Seated alongside Putin to deliver opening remarks before reporters at the start of the summit, Trump congratulated Russia on successfully hosting the World Cup soccer tournament, which concluded Sunday, then noted that the United States and Russia have “not been getting along too well for the last number of years.” He said he hoped that would change and that “I think we will end up having an extraordinary relationship.”

“Getting along with Russia is a good thing, not a bad thing,” Trump said, as Putin slouched in his chair. Trump added that the “world wants to see us getting along.”

Trump said before the closed-door meeting that he and Putin had a “lot of good things to talk about, and things to talk about,” including trade, military issues, nuclear proliferation and China, in particular their “mutual friend,” Chinese President Xi Jinping.

Trump did not mention Russia’s interference in the 2016 presidential campaign as one of the topics to be discussed before the meeting began.

Putin, who spoke before Trump made his opening remarks, said to the U.S. president: “Of course, the time has come that we speak extensively about our bilateral relations and various problem points around the world. There are enough of them that we ought to pay attention to them.”

The meeting began later than originally planned, after the perennially tardy Putin arrived in Helsinki well behind schedule, keeping Trump waiting. The one-on-one meeting lasted about two hours, longer than anticipated. It was initially scheduled to take 90 minutes.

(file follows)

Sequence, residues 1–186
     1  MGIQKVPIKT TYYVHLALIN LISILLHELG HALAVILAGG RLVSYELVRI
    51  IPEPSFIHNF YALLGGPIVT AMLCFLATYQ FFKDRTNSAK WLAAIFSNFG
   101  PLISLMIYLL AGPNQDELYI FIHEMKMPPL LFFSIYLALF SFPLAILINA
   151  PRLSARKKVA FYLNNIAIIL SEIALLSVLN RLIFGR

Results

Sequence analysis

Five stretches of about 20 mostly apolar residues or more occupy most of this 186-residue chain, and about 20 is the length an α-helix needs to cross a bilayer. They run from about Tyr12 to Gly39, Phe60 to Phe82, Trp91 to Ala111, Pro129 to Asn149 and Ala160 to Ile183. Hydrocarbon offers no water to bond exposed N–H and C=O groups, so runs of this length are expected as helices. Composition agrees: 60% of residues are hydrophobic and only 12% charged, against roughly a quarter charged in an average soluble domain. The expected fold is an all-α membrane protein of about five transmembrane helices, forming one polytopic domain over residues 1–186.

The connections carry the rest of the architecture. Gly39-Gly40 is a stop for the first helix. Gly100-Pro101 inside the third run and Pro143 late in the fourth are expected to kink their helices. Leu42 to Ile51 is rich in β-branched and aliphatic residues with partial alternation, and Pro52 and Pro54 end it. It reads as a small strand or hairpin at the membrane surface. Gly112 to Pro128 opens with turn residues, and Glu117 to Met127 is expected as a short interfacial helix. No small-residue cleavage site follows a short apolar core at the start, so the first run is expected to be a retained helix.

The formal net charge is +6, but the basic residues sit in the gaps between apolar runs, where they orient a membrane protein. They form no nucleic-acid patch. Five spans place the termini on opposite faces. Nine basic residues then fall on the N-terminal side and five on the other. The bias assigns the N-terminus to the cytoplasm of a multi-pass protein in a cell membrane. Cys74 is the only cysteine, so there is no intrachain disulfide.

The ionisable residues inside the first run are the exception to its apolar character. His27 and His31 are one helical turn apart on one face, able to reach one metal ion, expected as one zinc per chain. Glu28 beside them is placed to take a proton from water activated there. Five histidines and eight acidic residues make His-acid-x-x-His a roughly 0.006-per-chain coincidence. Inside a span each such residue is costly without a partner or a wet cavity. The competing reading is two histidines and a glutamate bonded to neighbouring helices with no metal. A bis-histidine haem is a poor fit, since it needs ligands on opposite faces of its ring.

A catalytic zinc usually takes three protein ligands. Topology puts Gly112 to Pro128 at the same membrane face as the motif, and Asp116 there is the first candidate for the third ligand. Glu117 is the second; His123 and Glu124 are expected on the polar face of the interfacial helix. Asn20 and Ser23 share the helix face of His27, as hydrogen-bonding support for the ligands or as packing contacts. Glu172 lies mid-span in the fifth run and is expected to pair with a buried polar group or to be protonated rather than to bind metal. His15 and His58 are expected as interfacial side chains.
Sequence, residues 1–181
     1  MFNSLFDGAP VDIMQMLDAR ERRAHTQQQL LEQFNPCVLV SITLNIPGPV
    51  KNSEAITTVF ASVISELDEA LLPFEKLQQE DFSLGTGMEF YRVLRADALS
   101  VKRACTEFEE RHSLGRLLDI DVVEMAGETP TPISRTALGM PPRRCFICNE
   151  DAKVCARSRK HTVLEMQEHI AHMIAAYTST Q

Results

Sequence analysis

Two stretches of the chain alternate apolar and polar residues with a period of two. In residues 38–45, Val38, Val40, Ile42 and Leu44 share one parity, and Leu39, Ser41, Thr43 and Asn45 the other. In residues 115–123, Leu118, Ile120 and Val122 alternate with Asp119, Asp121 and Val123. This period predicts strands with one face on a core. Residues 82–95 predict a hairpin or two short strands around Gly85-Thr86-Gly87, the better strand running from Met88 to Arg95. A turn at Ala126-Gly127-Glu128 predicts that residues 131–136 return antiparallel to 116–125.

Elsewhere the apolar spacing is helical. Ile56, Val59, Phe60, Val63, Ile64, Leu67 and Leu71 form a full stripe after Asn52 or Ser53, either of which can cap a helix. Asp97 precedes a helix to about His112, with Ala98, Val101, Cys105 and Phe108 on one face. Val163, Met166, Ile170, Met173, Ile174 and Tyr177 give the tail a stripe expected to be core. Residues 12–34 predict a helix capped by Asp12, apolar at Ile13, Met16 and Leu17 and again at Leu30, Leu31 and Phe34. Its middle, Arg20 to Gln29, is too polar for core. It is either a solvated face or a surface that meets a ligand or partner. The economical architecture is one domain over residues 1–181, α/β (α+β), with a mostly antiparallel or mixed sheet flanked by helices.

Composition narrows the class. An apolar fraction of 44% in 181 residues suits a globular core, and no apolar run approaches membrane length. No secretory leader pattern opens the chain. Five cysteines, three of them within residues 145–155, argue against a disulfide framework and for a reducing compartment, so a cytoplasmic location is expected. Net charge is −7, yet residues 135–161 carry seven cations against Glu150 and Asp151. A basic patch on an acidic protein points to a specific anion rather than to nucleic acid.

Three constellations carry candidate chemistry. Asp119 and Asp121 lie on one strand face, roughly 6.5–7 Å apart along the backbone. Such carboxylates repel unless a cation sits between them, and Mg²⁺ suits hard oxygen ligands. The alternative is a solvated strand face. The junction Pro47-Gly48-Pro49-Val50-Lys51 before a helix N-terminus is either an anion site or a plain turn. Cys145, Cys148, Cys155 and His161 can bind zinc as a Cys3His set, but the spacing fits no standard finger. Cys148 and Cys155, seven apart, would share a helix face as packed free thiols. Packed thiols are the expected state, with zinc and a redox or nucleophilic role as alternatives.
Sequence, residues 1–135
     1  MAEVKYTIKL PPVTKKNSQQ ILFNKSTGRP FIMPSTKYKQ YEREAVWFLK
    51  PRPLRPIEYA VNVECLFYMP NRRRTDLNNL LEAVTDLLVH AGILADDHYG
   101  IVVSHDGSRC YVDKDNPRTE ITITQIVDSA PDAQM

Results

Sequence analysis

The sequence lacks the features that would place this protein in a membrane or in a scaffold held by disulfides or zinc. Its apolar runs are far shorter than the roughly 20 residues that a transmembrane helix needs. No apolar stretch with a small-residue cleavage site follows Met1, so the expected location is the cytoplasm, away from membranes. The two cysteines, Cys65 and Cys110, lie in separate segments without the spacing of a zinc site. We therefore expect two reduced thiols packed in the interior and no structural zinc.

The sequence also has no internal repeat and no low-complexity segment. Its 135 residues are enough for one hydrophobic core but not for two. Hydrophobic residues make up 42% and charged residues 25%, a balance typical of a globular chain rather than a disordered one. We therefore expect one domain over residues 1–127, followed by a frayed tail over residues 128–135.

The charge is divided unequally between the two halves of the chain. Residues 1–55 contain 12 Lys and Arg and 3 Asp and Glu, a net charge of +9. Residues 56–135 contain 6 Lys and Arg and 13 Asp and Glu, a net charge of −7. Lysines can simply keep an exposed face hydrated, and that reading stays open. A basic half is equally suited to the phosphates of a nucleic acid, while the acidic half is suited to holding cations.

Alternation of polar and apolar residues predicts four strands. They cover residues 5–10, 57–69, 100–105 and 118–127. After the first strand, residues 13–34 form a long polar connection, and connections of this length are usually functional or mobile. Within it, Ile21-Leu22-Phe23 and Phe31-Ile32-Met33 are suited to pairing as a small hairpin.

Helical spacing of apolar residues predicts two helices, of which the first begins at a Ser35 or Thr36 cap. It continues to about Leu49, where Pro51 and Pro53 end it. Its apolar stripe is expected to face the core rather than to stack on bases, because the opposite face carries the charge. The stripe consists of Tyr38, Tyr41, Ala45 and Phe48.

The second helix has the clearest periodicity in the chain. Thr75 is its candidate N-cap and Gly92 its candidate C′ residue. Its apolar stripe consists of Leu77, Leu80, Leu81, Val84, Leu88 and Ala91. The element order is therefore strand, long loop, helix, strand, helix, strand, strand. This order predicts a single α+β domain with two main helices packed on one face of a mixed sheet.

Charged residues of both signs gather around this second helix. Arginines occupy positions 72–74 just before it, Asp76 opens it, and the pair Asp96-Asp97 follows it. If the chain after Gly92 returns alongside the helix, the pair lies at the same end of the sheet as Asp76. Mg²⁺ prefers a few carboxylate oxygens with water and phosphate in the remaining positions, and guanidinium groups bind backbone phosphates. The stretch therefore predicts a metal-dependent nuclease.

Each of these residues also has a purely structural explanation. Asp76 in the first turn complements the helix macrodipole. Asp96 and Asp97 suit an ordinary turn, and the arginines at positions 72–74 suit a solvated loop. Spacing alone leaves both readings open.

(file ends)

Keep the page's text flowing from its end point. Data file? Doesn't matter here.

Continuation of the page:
The two leaders then went into an expanded meeting that included top aides. At the start of it, Trump, responding to a shouted question from a reporter, said: “I think it’s a good start. Very, very good start for everybody.”

Although most U.S. officials argue that Russia’s interference in the 2016 U.S. presidential election, alleged use of a nerve agent on British soil, and aggression in Ukraine and Syria have worsened relations, Trump instead faulted “U.S. foolishness and stupidity” in tweets Monday morning, as well as the expansive Justice Department investigation into Russia’s election intrusion.

“Our relationship with Russia has NEVER been worse thanks to many years of U.S. foolishness and stupidity and now, the Rigged Witch Hunt!” Trump tweeted Monday morning as he prepared for his meeting with Putin.